That is why Israel was exiled from the Promised Land and why few in Israel believed in the Messiah when he came, (Romans 9:27-29, 11:5, 7). Abraham's spiritual children among his descendants embraced the long-awaited Redeemer and took their place among the new covenant people of God. See Simeon (Luke 2:22-35) and Anna (Luke 2:36-38). The prospect of the covenant of grace held out during the Old Testament period means that believers today are rightly called to emulate the faith of the 'children of promise', Romans 4, Hebrews 11. Salvation has only ever been by faith in Christ. 

The Orthodox Reformed taught that the covenant of grace was between God and the elect in Christ. Clearly, not all of Abraham's descents were elect. That is why old covenant cannot be identified with the covenant of grace. Under the old covenant true knowledge of the Lord was sometimes rare. The prophets lamented, 'there is no knowledge of God in the land.' (Hosea 4:1). Only a minority in Israel seem to have experienced heart circumcision that led to godly obedience. Witness the period of the Judges, widespread apostasy in the northern kingdom, followed by Judah. 

What was the exception under the old covenant is the rule in the new, Jeremiah 31:33-34. That is because the new covenant is the historical realisation of the covenant of grace between God and the elect in Christ. When Jesus the 'seed of promise' came the principle of belonging to the covenant community by natural descent was phased out along with circumcision as the covenant sign. Only those who trust in Christ belong to the new covenant, with believers' baptism now the sign of belonging, Matthew 28:18-20, Acts 2:38-39, Galatians 3:27-29. 

Israel's chequered history should not be a cause of smugness for the new covenant people of God. Her apostasy is a warning to us to stand by faith and continue in the way of obedience, Romans 11:19-22, 1 Corinthians 10:6-13, Hebrews 10:26-31.  

Weak and unprofitable  

Further, the old covenant cannot rightly be described as an 'administration of the covenant of grace' because it could not in itself save from sin. In that respect it was 'weak and unprofitable', (Hebrews 7:18). Its animal sacrifices were incapable of truly atoning for Israel's transgressions, Hebrews 10:4. The law was 'weakened through the flesh' having no means of providing forgiveness or ensuring obedience, (Romans 8:3). Israel broke the Mosaic covenant through her unfaithfulness, Jeremiah 31:31-32. A new covenant was needed under which sins could be forgiven and hearts transformed, Jeremiah 31:33-34. It was only by seeing the types and shadows of the old covenant as pointers to Christ that the children of Israel could hope to find salvation.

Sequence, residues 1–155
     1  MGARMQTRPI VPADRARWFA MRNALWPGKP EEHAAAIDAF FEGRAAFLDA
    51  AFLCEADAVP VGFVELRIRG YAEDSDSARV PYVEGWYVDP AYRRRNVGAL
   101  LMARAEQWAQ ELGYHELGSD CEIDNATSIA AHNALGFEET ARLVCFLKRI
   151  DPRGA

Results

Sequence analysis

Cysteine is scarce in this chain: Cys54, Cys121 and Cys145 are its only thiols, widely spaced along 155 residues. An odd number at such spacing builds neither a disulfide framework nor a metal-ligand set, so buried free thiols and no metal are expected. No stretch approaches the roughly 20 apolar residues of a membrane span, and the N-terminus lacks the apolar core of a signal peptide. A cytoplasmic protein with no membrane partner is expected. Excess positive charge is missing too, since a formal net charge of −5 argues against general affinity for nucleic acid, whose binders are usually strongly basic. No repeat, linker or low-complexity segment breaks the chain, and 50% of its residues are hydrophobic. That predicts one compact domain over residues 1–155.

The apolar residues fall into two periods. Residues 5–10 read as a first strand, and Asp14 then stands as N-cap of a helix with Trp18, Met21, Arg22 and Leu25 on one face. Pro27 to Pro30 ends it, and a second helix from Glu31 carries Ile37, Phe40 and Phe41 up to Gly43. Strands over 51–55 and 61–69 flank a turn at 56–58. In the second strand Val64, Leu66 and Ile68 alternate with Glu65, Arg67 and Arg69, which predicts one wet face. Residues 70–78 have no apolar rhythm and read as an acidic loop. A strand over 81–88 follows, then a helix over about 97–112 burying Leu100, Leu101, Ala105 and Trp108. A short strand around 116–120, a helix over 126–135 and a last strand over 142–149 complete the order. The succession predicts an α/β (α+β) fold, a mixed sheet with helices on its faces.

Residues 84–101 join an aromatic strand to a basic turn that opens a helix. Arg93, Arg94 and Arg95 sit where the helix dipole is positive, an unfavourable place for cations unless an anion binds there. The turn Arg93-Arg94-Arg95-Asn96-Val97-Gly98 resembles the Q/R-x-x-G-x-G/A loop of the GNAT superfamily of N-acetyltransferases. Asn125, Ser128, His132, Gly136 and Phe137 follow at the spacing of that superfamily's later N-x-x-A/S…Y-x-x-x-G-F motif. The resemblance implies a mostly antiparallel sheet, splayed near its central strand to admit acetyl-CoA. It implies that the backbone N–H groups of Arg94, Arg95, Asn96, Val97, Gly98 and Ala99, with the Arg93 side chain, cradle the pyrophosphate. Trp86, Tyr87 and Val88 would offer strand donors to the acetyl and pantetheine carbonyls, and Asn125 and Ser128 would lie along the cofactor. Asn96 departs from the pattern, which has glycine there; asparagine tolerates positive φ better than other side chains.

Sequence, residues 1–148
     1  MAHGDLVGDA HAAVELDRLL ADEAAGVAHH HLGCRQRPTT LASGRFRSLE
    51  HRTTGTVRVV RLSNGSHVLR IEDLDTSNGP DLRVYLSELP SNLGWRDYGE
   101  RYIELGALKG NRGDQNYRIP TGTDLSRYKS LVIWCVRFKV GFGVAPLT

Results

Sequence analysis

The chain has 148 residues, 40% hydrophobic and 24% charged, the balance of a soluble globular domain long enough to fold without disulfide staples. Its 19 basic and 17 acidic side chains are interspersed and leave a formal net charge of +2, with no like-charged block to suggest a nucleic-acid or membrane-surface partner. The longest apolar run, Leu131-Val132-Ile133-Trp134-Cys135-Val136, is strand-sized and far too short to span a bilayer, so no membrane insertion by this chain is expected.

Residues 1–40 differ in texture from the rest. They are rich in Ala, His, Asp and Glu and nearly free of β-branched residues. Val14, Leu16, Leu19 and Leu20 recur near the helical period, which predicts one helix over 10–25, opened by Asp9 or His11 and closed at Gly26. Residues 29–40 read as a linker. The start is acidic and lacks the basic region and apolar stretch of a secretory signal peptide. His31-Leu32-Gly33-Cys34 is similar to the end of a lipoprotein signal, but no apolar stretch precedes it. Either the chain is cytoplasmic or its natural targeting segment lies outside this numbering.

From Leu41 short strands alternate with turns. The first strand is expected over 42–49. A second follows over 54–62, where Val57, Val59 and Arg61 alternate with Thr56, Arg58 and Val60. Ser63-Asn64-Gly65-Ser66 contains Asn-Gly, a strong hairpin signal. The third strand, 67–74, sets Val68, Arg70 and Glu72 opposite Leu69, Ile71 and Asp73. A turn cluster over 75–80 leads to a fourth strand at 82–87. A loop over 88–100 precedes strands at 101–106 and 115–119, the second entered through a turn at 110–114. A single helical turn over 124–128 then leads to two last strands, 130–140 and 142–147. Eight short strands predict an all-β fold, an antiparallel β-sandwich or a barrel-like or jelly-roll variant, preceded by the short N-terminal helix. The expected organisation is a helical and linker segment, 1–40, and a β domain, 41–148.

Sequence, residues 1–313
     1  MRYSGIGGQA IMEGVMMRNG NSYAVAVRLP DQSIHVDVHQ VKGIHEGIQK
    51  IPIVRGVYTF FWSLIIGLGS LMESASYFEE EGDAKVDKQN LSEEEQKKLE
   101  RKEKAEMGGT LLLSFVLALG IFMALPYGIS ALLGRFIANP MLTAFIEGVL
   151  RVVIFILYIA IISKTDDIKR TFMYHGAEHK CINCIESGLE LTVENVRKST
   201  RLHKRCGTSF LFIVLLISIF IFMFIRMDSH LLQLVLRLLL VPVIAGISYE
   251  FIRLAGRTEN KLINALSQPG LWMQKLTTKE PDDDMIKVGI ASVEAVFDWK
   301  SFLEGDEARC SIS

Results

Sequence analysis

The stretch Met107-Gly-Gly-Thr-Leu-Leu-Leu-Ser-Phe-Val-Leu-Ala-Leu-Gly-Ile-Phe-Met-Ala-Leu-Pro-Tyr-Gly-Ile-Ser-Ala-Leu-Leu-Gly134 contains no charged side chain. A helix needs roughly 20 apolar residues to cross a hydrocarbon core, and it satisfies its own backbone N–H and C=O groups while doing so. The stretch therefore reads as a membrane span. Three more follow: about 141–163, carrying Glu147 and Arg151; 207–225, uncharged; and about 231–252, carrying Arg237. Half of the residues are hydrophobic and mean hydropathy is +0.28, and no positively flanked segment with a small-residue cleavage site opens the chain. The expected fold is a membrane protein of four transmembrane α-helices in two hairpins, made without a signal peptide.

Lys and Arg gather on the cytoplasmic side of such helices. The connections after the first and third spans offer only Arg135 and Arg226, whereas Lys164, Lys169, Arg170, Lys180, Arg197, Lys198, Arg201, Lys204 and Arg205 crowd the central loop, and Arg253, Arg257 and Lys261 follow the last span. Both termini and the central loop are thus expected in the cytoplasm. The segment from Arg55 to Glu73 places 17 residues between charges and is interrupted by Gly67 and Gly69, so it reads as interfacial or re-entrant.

A covenant of grace, not that covenant of grace 

Yet it is important to underline that the old covenant was not a post-fall republication of the covenant of works. Were that the case, how could a works-based covenant foreshadow a grace-based one? God was gracious towards Israel under the old covenant, 'slow to anger and abounding in steadfast love' (Exodus 34:6-7). The Lord's merciful dealings with Israel served as a trailer for the abounding grace of the new covenant. Israel's undeserved election has its counterpart in the election of individuals in the covenant of grace, Deuteronomy 7:6-8, Ephesians 1:4-5. Israel's redemption from Egypt previewed Christ's redeeming work, Exodus 6:6, Colossians 1:13-14.  Israel's calling as a 'kingdom of priests' was a harbinger of the role of the new covenant people of God, Exodus 19:6, 1 Peter 2:9. Israel's mission was handed on to the church in expanded form, Zechariah 8:20-23, Luke 24:44-49. Israel's inheritance in Canaan served as a pointer to 'a better country, a heavenly one' Deuteronomy 15:4, Hebrews 11:16. Israel's prophets, priests and kings were types of Christ, the great prophet, priest and king. God was certainly good to Israel under the old covenant, Psalm 73:1. But the covenant of grace held out the prospect of yet greater blessings to come, the 'full discovery thereof [being] completed in the New Testament', (Second London Baptist Confession, VII.3 - here).